“They are perfect students of Mwenje and are replaying what the former Embakasi MP employed to ensure his success in Nairobi politics,” says Magutt, a Political Science lecturer at Kenyatta University.

In waging these battles and appearing to stand up for the poor, the two politicians have won the game of numbers, which is what politics is all about, hence making them Mr Kenyatta’s favourite point-men.

The DPM may not subscribe to the antics that the two are known to employ — which are viewed in some quarters as bordering on hooliganism — but due to their command of numbers they become the perfect commanders to change the game for him.

Mr Magutt however says Mr Kenyatta, being a suave politician, and given that on his own he commands a huge following in Nairobi and Central, may not want to formally endorse Mr Waititu and Mr Sonko as his point-men.

“He will certainly want to use them as behind-the-scenes operatives, because he knows that despite their public image, they have the numbers which he will need,” he says.

Both Mr Magutt and United States International University (USIU) Political Science lecturer Prof Macharia Munene however contend that Mr Kenyatta may not be wholly dependant on the two to win the Nairobi vote.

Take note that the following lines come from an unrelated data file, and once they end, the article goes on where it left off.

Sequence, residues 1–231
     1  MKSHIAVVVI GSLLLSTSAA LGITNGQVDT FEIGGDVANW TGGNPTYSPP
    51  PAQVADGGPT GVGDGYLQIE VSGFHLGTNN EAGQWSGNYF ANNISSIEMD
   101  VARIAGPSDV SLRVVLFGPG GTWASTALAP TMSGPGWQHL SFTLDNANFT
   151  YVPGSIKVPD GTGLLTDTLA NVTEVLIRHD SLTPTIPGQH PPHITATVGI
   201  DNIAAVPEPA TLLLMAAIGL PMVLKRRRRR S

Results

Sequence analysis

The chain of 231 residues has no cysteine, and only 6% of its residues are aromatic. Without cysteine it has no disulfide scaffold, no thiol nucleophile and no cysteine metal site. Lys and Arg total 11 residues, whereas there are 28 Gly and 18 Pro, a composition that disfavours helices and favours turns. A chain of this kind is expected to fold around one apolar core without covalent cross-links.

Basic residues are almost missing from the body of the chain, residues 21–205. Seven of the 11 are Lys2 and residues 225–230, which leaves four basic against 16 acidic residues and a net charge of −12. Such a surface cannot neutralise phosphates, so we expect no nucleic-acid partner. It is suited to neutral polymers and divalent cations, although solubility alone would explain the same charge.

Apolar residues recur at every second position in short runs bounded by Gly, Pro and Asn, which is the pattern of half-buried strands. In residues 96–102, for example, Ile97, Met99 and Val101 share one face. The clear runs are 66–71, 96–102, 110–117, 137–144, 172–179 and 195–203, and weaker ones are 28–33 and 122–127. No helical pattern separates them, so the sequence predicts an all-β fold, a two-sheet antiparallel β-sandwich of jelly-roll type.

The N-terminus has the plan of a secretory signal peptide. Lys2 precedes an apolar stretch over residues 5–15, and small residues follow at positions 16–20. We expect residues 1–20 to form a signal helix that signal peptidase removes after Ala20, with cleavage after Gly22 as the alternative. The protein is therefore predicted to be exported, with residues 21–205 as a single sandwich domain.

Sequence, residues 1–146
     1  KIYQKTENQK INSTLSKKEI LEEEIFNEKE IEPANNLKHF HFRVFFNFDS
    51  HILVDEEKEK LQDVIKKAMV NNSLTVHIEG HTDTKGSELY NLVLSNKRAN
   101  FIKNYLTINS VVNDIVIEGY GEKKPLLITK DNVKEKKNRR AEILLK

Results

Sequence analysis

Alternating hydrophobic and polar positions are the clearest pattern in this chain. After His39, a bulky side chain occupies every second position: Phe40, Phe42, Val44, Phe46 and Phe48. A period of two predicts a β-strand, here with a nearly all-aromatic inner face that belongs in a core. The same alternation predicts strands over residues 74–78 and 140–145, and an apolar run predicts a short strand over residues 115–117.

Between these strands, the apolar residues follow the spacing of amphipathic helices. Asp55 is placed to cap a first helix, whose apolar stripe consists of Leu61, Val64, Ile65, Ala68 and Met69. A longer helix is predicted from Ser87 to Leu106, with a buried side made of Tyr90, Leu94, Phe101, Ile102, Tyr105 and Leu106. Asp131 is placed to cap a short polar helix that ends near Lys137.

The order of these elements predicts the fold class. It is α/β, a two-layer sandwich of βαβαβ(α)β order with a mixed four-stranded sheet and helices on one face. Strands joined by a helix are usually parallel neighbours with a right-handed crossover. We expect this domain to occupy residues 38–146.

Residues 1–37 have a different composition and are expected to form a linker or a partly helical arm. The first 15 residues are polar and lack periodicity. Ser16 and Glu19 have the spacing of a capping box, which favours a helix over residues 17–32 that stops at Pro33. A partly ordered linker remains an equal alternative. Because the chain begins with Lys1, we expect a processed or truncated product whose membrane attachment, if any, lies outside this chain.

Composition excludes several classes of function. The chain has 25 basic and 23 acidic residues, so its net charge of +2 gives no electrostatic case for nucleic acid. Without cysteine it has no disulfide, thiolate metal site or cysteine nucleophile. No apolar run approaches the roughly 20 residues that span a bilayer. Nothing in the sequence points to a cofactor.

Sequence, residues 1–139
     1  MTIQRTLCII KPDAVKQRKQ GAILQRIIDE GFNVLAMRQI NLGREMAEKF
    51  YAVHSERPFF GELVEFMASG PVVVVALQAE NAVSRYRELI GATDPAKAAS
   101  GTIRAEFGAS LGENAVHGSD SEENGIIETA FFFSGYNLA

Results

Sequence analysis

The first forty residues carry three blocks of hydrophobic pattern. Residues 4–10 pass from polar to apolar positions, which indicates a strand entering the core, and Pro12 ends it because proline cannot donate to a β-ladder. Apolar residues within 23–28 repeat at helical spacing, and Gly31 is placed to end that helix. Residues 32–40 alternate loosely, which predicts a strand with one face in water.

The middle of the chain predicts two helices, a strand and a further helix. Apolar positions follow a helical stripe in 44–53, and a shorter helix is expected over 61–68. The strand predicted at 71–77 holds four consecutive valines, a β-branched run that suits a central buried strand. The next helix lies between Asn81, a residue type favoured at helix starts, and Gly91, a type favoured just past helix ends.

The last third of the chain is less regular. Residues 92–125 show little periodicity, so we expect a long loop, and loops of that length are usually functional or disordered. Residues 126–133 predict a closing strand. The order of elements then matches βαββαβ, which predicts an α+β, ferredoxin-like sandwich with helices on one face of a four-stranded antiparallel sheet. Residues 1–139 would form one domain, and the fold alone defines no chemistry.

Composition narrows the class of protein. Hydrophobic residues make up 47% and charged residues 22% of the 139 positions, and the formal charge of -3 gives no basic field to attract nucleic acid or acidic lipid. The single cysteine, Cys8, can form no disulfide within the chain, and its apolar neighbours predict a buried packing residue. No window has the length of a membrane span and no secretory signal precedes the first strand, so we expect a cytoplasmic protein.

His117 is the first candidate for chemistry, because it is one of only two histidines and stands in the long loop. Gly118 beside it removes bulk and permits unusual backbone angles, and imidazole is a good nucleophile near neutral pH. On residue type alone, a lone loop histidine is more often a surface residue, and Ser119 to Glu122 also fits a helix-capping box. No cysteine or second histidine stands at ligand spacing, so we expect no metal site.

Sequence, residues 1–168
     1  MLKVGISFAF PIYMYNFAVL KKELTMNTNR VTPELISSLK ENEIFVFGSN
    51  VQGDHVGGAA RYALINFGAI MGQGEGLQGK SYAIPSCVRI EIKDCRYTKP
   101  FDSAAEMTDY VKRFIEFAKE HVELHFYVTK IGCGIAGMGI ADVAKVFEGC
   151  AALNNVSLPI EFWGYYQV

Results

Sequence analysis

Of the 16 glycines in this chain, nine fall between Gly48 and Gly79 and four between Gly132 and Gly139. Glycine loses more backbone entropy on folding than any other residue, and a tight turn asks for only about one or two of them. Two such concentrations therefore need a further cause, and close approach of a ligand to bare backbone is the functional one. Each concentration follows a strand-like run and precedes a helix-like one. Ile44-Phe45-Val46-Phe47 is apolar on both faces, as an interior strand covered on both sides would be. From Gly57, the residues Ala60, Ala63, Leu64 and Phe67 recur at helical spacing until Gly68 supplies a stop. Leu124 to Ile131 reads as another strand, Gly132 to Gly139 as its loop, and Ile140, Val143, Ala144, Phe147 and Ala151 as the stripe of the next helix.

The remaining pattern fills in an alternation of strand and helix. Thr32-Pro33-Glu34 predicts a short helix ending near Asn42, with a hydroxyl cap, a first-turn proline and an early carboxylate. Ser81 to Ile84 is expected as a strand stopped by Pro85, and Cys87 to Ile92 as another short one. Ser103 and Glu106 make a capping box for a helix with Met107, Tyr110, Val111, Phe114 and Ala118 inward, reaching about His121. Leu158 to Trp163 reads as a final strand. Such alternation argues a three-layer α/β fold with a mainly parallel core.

Prof Munene says Mr Kenyatta has a solid support base in the city, which the two could be eyeing for their own political ends.

“They are likely to be key pillars in helping Uhuru get the numbers in Nairobi, but they could also be hoping to benefit from Uhuru’s support base for their political success,” said Prof Munene.

Mr Magutt concurs with this and adds that it could have been Mr Waititu and Mr Mbuvi who hijacked the NTA launch at the preliminary level, rather than appearing at the request of Mr Kenyatta or even the organisers.

He says the two could have been positioning themselves to ride on Mr Kenyatta’s popularity to gain political mileage.

The lecturer points out that Mr Kenyatta even sought to clarify that the two were not the only people he was relying on.

“That is why almost at the end he also recognised other people such as Kisia (Philip) as being part of those that he was working with,” says Mr Magutt.

Moi University Law lecturer Kipchumba Murkomen introduces a new angle to matter, arguing that Mr Kenyatta may have enlisted the two politicians for a ‘make-up’ mission with the youth, who he had appeared to lose, especially to former Mungiki leader Maina Njenga who has been gravitating towards Prime Minister Raila Odinga.

Mr Murkomen says understanding that Mr Waititu and Mr Mbuvi are well connected with the youth, he may want them to be in his camp to make up for the number lost to Mr Njenga.

“Uhuru certainly has problems with the youth and that is why even in his party’s launch, he centred so much on young people. It was a strategy to win them back and since he knows Waititu and Sonko enjoy the support of the group, he wants to capitalise on that to win them back,” says Mr Murkomen.

Commanding the Eastlands vote would give Mr Kenyatta a head start in the scramble for Nairobi, as this is the most populous zone compared to the western part which appears more inclined towards ODM leader Raila Odinga.

The DPM would especially want to get a firm grip of this zone, which he only regained after Mr Mbuvi decamped from Narc Kenya to the larger G7 alliance.